Russia’s cuts in natural gas supplies to EU countries are a wake-up call: the EU can no longer kid itself about the Kremlin’s playbook and must speedily phase out Russian gas in Europe.

While patting itself on the back for imposing embargoes on Russian oil and coal to protest the invasion of Ukraine, the EU wrongly assumed it could set the timetable for scaling back reliance on gas from Russia. Instead, President Vladimir Putin is wielding his most potent economic weapon in a bid to undermine Europe’s unity on sanctions.

The EU’s just-approved plan for coping with possible further disruptions to EU imports of Russian gas is evidence more of political panic than of a clear-headed strategy for marginalising Putin. The initiative, released on 20 July and approved by member states on 26 July – with multiple derogations – seeks to lower EU demand for gas by 15% by the end of March 2023 and bolster national cooperation should an emergency be declared.

So far, 12 EU nations have faced halts to – or reductions in – deliveries of Russian gas. With European attention increasingly on the challenges of getting through this winter, Putin will relish any opportunity to keep the EU on the defensive.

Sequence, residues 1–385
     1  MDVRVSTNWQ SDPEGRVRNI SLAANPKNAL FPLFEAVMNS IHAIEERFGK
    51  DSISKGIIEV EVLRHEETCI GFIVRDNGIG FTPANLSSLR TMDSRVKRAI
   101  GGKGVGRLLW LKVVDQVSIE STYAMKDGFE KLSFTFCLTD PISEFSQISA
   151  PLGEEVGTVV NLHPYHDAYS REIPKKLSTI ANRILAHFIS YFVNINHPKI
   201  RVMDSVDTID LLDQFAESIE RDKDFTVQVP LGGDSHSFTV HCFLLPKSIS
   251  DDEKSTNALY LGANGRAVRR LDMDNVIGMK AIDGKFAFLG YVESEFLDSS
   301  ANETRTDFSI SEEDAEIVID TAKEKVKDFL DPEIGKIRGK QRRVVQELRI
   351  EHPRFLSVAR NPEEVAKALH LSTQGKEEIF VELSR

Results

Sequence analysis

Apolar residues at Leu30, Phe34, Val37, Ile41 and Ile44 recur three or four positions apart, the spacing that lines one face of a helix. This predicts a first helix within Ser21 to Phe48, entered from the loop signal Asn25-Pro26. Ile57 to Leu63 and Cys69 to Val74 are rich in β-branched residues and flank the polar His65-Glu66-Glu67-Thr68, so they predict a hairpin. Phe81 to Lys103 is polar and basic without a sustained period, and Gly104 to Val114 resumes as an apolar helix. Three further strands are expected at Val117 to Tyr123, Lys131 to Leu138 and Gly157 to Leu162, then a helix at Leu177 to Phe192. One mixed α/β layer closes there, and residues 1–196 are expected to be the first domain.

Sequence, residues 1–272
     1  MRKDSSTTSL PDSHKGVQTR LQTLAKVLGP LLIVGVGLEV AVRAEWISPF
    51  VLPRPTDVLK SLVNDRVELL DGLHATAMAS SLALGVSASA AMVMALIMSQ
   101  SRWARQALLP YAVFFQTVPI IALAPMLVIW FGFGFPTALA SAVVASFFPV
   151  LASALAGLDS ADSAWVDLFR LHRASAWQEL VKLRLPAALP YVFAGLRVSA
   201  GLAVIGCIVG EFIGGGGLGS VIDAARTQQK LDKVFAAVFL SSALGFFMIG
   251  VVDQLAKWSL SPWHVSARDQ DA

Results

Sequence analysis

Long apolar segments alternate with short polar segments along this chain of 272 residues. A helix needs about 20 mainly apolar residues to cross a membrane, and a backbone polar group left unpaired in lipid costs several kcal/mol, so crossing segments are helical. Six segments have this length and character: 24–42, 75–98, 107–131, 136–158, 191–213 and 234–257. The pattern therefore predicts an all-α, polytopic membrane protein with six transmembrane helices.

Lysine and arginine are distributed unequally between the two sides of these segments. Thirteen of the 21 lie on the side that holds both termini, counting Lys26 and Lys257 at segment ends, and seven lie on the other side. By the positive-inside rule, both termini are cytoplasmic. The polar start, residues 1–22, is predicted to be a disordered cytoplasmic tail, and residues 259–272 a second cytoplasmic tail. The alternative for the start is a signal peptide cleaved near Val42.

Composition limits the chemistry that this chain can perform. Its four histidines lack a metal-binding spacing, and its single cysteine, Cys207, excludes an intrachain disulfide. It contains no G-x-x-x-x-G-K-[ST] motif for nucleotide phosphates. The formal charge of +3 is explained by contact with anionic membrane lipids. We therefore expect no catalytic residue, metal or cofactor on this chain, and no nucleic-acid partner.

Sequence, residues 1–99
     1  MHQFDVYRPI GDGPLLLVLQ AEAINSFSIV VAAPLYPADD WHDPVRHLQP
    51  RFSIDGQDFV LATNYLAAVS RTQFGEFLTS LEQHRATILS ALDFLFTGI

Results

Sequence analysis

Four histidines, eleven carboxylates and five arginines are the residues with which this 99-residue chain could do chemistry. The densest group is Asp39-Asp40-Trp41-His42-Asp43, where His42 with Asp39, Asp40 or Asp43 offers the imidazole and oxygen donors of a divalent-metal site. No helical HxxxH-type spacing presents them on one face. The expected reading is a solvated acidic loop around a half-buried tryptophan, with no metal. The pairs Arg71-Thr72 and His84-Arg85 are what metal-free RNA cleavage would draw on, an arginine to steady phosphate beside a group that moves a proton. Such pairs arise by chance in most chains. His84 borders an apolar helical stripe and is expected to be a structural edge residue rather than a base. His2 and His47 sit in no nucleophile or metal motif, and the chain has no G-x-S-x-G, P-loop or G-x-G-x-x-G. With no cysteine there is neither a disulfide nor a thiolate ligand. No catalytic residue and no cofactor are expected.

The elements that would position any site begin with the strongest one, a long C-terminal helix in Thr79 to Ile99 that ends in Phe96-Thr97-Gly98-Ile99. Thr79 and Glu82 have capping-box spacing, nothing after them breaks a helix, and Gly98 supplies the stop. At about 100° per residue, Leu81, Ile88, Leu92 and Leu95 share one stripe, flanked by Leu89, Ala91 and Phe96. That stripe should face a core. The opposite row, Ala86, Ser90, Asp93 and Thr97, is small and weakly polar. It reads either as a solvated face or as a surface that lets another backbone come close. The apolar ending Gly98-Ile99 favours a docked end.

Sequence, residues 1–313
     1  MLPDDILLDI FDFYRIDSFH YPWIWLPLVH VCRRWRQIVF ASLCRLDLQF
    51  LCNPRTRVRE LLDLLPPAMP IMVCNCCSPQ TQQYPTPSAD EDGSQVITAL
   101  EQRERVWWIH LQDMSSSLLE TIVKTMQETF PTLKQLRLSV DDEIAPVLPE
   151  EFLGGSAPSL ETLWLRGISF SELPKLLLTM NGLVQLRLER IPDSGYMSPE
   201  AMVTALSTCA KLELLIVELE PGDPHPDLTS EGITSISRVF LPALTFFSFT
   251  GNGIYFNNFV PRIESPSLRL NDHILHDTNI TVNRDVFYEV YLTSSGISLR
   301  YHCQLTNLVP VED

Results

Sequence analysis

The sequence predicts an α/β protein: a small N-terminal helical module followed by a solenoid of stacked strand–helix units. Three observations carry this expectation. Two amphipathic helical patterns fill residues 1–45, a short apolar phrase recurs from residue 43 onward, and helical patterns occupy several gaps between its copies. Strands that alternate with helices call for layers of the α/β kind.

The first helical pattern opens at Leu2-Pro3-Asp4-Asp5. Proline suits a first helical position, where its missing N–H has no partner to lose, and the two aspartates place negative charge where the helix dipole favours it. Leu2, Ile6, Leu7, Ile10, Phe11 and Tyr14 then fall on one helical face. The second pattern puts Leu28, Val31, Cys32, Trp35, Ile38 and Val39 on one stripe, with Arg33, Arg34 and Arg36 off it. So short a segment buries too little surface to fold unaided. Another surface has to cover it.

Turning the tables on Russia

The EU’s first obligation is a political one: accept sharp economic pain in the months ahead. Putin has tightened the gas screws yet again, with Nord Stream 1 now running at 20% of its capacity. The EU’s pledge to lower consumption of Russian gas by two-thirds this year now looks inadequate in the face of the ever more real possibility of a complete gas cut imposed by Russia.

For the EU, taking matters into its own hands is preferable to hoping that Putin will show some mercy over gas deliveries. This is important not just for the EU’s immediate foreign policy objectives but also for the bloc’s longer-term geopolitical and climate goals.

A recession in 2023 is a real possibility for Europe, which needs to grit its teeth in return for the ultimate rewards of sidelining Russia and protecting EU interests. As in Putin’s favourite sport, judo, Europe needs to knock the Kremlin off balance by accelerating the phase-out of Russian gas.

For now, the Kremlin’s gas revenues are unchanged and Gazprom appears to be calling the shots.

To chart ways out of the Russian gas trap, EU countries need to be honest about how they got into it. This applies above all to Germany and Italy, which so far have faced reductions in Russian supplies but no outright cut-offs.

The two are the most vulnerable EU member states for reasons of their own making. Both countries have roughly doubled their dependence on Russian gas since Putin’s annexation of Crimea in 2014, dragging all of Europe into a corner.

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Germany's over-reliance on Russian gas to power a manufacturing boom means that a cut-off could trigger a domino effect of business defaults. In Italy, doubling the rate of gas burn to generate electricity since 2014 has raised the spectre of rolling outages across the country this winter and, by extension, rocked the foundations of the whole European power market.